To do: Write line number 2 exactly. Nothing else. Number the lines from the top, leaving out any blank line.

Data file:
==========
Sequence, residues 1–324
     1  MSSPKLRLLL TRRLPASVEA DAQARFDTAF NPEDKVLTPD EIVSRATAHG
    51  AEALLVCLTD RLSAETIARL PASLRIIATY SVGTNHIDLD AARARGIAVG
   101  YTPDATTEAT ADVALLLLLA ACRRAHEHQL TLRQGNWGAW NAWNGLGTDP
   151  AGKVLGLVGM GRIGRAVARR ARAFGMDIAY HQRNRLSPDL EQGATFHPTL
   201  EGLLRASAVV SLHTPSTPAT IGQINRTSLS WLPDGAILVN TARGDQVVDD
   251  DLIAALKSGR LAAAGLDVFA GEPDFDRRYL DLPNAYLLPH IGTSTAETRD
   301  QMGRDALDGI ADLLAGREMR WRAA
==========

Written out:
     1  MSSPKLRLLL TRRLPASVEA DAQARFDTAF NPEDKVLTPD EIVSRATAHG